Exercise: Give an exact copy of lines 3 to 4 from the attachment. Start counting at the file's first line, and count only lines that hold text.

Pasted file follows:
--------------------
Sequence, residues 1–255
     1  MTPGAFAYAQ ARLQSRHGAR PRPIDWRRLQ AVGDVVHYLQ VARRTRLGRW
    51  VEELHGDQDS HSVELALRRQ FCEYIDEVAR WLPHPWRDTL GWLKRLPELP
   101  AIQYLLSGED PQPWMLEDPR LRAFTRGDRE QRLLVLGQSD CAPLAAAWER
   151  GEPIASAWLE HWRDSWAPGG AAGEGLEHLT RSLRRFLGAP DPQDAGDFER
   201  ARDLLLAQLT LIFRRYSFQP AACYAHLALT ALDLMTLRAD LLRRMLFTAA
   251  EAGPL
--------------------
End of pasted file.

    51  VEELHGDQDS HSVELALRRQ FCEYIDEVAR WLPHPWRDTL GWLKRLPELP
   101  AIQYLLSGED PQPWMLEDPR LRAFTRGDRE QRLLVLGQSD CAPLAAAWER